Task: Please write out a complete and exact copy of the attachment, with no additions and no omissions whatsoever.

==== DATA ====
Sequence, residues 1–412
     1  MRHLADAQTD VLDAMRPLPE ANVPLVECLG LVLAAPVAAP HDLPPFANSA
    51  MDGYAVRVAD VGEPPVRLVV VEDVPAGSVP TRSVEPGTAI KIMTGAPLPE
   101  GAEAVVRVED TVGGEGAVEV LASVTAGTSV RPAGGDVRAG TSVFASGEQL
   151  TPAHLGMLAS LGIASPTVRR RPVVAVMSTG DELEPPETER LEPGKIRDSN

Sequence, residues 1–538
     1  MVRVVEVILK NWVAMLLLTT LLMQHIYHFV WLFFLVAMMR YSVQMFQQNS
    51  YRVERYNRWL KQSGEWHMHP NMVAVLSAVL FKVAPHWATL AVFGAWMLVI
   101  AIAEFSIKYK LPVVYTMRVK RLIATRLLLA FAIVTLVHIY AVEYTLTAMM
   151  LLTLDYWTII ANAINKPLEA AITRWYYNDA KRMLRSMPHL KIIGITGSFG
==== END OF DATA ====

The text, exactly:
Sequence, residues 1–412
     1  MRHLADAQTD VLDAMRPLPE ANVPLVECLG LVLAAPVAAP HDLPPFANSA
    51  MDGYAVRVAD VGEPPVRLVV VEDVPAGSVP TRSVEPGTAI KIMTGAPLPE
   101  GAEAVVRVED TVGGEGAVEV LASVTAGTSV RPAGGDVRAG TSVFASGEQL
   151  TPAHLGMLAS LGIASPTVRR RPVVAVMSTG DELEPPETER LEPGKIRDSN

Sequence, residues 1–538
     1  MVRVVEVILK NWVAMLLLTT LLMQHIYHFV WLFFLVAMMR YSVQMFQQNS
    51  YRVERYNRWL KQSGEWHMHP NMVAVLSAVL FKVAPHWATL AVFGAWMLVI
   101  AIAEFSIKYK LPVVYTMRVK RLIATRLLLA FAIVTLVHIY AVEYTLTAMM
   151  LLTLDYWTII ANAINKPLEA AITRWYYNDA KRMLRSMPHL KIIGITGSFG